How to NOT Raise a Picky Eater



child is a picky eater

At some point, you may have thought or stressed about how in the world to feed your child. You know they probably need some veggies, but what do you do if they just won’t eat them?

There are things to keep in mind when it comes to picky eaters but first, please know, that having a child who is a “picky eater” does not have anything to do with your ability as a parent. Also, if your child has textural issues with foods, you can work with a Speech Therapist or Occupational Therapist to help assist them.

The three things to consider if you have a picky eater (or want to avoid having one):


Humans are always trying to seek control of their environment. Tiny humans are no different. Kids have very little control in their own lives but one of the things they can control is eating. If you have a picky eater, think back to when the issue began. What was happening in the child’s life around that time? For example, did your child start a new school? Was there a new baby in the family? Was there a death in the family? Divorce? Marriage?

The circumstance doesn’t have to be a major life event for it to have an impact. Remember, to kids, most things (even those considered happy) are new experiences which can be unsettling. Even developmental milestones such as potty-training or transitioning to a big kid bed can give them a sense of not being in control which can then turn into a change in eating patterns.

Understand that this is NORMAL. Kids are trying to make sense of their world and when things happen that are out of their control, they seek to control what they can (similar to adults). When it comes to food, try having your child be part of the food process.  You can also give them healthy options and let them pick (“would you like to have carrots, broccoli, or green beans with dinner tonight?”).

2. Exposures

As a child, everything is new, including food. If someone handed you a spoon full of food that you’d never seen, smelled, or tasted before, you may be hesitant to try it, right? That’s how your child may feel. Rest assured that it is normal for it to take 7-10 and sometimes up to 30+ times of a child being exposed to a food before they try it.

The good news is, an exposure doesn’t just mean them tasting it. Examples of exposures:

  • pointing it out at the store (“ohhh look at those pretty purple egg plants”)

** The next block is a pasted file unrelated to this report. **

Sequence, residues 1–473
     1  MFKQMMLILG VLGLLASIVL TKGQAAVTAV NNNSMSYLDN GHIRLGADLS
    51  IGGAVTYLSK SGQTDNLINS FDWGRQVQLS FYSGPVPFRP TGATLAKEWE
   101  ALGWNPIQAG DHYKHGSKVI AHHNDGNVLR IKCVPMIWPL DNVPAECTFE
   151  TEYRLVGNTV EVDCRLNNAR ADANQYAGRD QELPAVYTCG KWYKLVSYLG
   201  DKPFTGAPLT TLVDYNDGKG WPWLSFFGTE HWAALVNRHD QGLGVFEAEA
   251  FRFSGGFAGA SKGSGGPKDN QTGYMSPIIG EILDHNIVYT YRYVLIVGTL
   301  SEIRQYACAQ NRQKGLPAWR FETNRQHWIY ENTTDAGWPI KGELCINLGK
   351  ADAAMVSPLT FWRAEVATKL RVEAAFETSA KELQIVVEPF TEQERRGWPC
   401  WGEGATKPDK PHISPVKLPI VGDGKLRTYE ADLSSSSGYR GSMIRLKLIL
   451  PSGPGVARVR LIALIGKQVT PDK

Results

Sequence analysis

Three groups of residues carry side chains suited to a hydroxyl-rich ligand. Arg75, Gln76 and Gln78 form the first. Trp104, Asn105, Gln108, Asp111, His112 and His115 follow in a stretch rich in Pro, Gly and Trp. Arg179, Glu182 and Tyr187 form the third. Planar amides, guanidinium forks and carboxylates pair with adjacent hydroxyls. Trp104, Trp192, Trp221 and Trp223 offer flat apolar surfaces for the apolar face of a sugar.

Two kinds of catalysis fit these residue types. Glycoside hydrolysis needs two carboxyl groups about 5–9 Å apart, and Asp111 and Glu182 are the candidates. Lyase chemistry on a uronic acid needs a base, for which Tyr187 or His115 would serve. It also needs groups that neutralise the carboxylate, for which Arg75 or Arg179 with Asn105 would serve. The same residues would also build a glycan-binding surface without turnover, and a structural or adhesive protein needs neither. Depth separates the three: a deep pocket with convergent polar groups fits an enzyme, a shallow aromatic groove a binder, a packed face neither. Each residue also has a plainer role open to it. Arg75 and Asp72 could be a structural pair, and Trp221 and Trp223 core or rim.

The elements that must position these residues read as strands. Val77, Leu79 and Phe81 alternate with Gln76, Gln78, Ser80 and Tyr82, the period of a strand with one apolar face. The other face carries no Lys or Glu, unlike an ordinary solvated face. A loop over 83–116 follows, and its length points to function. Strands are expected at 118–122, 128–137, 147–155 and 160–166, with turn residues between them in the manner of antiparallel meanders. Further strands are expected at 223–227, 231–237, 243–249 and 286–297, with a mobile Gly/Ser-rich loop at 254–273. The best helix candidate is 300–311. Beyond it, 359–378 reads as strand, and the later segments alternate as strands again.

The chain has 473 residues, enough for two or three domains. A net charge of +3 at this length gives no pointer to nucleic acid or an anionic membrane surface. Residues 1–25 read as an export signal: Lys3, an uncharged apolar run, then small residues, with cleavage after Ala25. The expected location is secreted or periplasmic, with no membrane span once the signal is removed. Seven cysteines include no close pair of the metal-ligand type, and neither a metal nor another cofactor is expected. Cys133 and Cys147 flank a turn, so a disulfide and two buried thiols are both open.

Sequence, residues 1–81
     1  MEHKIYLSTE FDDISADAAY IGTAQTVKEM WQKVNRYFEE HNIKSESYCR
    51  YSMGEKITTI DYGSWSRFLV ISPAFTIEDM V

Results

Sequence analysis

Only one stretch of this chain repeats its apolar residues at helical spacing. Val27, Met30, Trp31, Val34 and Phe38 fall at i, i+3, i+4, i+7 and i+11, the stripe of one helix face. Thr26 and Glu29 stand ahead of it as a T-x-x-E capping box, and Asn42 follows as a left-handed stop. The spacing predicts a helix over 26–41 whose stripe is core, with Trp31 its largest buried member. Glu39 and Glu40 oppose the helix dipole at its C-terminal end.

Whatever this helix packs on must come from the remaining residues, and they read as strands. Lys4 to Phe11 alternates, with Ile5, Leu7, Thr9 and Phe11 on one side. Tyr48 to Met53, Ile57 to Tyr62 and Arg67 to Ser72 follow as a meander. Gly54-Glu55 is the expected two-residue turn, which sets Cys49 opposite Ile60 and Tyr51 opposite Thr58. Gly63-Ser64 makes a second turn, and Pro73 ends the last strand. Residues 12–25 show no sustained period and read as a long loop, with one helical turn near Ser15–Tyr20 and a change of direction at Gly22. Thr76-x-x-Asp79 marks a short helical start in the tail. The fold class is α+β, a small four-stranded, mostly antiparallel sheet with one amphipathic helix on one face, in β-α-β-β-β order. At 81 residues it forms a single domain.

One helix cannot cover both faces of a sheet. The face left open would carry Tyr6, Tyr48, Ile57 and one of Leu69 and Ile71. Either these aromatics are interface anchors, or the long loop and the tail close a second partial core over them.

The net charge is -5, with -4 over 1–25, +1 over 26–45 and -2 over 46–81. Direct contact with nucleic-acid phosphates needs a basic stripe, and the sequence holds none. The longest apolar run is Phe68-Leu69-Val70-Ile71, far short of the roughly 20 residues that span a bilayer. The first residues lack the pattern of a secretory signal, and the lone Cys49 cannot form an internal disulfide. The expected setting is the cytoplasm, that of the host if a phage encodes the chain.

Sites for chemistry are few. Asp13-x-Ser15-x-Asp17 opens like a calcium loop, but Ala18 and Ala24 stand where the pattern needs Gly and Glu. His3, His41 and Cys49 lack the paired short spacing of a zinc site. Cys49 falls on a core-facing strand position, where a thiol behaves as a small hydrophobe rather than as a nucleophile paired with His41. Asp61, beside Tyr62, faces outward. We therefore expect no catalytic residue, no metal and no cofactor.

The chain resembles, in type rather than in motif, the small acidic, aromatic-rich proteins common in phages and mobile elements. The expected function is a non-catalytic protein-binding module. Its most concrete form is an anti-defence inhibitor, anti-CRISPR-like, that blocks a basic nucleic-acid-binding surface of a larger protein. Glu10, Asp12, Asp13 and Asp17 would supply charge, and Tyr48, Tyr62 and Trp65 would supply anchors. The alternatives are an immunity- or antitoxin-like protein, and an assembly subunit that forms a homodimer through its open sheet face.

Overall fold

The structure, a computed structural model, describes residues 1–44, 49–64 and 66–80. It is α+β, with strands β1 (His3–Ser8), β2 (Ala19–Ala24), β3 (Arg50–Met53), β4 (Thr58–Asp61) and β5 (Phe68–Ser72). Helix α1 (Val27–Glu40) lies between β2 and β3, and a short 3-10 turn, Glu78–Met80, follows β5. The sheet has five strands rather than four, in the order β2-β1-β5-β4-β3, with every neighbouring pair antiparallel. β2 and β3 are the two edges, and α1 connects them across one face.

• looking at a picture in a book
  • having them watch YOU eat it
  • singing a song about it
  • putting a new food on their plate
  • growing it in a garden
  • letting them squish it in their fingers

Don’t pressure them to eat it (see above about control) and if they decide to try it, try not to make a huge deal about it (even though you may be doing an internal happy dance).

happy dance


3. Parent language

One thing that we as parents sometimes forget is that our kids are ALWAYS listening. When it comes to food, that can mean that they are picking up on YOUR food preferences and experiences. For example, if you say that you hate spicy foods, your child may not even want to try anything spicier than ketchup 😁. If you talk to your sister about how you need to cut out carbs because of excess weight (which isn’t necessarily true by the way), that gets implanted in them and can influence their food patterns down the road.

With that said, you are allowed to have food preferences. If you truly don’t like broccoli but want to make it for your family because you know it’s full of vitamins and minerals, you don’t have to choke it down. Be mindful of what you say about it though. There’s a huge difference in language when you say, “I hate broccoli” versus saying  “It’s not my favorite but I’ll try a little.” Simply putting some on your plate so your child sees that it’s normal to eat it (which counts as an exposure for them) can help open them up to the idea of eating it.


I get asked a lot if hiding veggie or fruit puree in foods is the answer.

As a nutritionist (and a mom of 4), I have mixed thoughts about doing this. I am all for making foods as nutritionally packed as possible so if that means making pudding with avocado or using blended dates in baking, then wonderful! The point that gets overlooked though is that you want to create lifelong healthy habits for your kids. If they grow up never being served a veggie at dinner (even though you put spinach in their meatloaf) then they will never associate it as something that’s “normal” or needed.

Remember, raising tiny humans is hard work and doesn’t come with an owner’s manual. If you feel your child isn’t getting the nutrition they need: 1. look back to circumstances around when it started and if possible, get them involved with the food choices. 2. Expose them to foods in different ways to get them more accepting to try them. 3. They are always listening. Be mindful of how you talk about your own food preferences, past, and feelings.

One final thought:

Kids go through phases. You may notice that your child may pick at their food one day, then eat more than a grown man the next. Let them be the guide on how much to eat. In doing so, you are teaching them to trust their internal hunger cues.

If you need support or have questions, please feel free to reach out to me. You can also join me in my free Facebook group called SuperMama Nutrition Community. This is a place for learning, sharing, and growing when it comes to nutrition.

child making healthy choice, not as a picky eater


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